In order to have something, you actually need to leave it. In order to remember something, you need to take it to the point of almost forgetting. In order to listen to the music, you need to have silence.
Yep, I guess I ended up sounding Zen-ish. But it’s seriously something that has been going through my mind lately. In order to have something, sometimes the best thing to do is to leave it or at least have it almost beyond your reach.
The easiest way that this comes to me is in terms of flashcards. I have a very basic flashcard program on my iPhone and iPad called Midori. The flashcard program is very basic in my view because it for the most part studying words in isolation is not the way to go. (See AJATT on this one.) However, I have come really try to use cracks in time and sometimes hate to waste a minute so, in a pinch, I will have some fun with the flashcards. (Speaking of a pinch–on the iPad version of Midori if you “pinch out” a flashcard that you are reviewing you can see sample sentences.)
But is really important to remember to forget. I make it a point to stop studying cards when they start to repeat. If a card starts to repeat too soon, you are drilling to kill. You are fracking your mind. I prefer to wait, look around, have some fun and come back to the card when it is more of a “reach” instead of a mindless repetition. Daniel Coyle, author the talent code, and many other writers speak about the effects of positive reaches. You want to consistently go towards facts, skills, ideas that are just beyond your reach.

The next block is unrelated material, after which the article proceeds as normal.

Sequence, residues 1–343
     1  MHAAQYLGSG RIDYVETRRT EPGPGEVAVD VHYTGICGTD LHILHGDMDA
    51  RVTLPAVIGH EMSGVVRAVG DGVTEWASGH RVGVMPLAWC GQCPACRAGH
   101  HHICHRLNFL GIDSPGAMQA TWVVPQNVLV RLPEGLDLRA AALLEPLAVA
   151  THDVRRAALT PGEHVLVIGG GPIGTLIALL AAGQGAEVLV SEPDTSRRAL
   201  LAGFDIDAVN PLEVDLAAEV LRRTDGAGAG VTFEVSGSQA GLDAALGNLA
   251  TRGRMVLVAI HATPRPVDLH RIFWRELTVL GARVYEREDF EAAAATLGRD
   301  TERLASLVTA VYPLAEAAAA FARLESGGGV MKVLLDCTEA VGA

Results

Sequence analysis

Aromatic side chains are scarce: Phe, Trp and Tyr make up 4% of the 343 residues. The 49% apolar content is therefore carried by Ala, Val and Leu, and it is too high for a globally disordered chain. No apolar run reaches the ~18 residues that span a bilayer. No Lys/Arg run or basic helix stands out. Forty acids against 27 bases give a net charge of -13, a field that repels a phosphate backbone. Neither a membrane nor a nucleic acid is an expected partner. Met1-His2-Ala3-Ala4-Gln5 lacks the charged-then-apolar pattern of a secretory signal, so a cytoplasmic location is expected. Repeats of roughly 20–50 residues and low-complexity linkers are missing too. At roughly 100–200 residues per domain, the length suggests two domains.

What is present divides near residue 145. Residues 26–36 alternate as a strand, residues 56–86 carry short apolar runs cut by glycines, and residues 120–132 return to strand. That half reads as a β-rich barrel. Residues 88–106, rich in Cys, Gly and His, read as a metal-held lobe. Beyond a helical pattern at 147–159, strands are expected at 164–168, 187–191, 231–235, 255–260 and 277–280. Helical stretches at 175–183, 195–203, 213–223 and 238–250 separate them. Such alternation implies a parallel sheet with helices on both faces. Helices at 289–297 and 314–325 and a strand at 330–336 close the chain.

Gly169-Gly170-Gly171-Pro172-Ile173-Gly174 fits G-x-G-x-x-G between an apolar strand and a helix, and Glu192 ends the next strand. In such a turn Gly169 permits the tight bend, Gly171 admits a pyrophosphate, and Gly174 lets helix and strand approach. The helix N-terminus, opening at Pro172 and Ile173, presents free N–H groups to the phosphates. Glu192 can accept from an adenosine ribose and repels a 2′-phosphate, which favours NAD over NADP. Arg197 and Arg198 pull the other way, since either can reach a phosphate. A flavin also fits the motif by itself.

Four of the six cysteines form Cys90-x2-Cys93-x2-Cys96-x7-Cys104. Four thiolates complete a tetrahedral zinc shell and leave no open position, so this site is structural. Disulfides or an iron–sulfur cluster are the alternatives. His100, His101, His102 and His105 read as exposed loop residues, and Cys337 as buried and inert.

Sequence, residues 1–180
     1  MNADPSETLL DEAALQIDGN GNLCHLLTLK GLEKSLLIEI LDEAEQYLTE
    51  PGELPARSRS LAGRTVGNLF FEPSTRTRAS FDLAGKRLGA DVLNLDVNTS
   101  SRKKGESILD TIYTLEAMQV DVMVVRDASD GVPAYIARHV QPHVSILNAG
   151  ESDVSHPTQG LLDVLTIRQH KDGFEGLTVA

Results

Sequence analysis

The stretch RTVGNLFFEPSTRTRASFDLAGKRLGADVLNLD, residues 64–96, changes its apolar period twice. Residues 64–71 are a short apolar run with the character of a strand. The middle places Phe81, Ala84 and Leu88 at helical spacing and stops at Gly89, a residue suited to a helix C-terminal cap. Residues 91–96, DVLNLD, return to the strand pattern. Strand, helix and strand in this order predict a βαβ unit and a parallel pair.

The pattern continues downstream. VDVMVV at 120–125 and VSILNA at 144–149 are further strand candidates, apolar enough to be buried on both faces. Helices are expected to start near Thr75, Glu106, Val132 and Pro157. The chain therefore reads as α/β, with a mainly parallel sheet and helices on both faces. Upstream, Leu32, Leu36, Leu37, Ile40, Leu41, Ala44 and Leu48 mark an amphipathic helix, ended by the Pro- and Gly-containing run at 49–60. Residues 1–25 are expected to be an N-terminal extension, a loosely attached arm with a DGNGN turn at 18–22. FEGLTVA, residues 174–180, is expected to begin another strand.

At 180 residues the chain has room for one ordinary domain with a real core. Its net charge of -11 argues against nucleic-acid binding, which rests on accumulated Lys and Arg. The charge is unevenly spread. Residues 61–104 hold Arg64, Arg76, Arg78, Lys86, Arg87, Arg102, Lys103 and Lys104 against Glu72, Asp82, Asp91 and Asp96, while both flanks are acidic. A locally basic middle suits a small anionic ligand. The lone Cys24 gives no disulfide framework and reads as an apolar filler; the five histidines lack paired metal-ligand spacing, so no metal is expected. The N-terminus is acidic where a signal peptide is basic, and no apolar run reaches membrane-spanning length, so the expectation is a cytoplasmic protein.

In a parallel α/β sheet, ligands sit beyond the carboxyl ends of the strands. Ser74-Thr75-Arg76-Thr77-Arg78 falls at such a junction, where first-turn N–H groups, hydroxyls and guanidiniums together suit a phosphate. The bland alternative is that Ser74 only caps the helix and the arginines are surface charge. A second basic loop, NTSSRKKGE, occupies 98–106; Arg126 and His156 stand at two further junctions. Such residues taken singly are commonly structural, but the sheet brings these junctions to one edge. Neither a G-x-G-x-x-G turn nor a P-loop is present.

I also think in terms of emptying. To get full, you need to empty. If you want to soak up water with a sponge, you need to squeeze it out. If you want to hear music better, you need to have silence.
I’ve incorporated this into my morning exercises in Numazu. I walk out with my iPod, listening to a podcast or Japanese music. I am staying in an area called 千本浜, and I fast-walk in a shady area filled with thousands of pine trees. I tack my way back through the beach (don’t get too inspired–it’s concrete lined beach 🙂 ) and stop at a rocky point and do Chinese exercises called Nei Kung. I used to listen to music, but I was starting to get annoyed and decided to turn off the music and just listen to the sound of the waves. Or not.
I think that silence is important. It’s another way of taking things to the edge by emptying out. I don’t think there should be any rules or techniques about how you do this, but I think it is important to be cognizant of when music, words, and information start to be noise.
Take it to the edge. Empty out to fill up. Forget to remember.
The tracking of my mind– how true, in not a good way. Thank you for this insight on an early Sunday in Kentucky.
Thanks Ms. Lowe!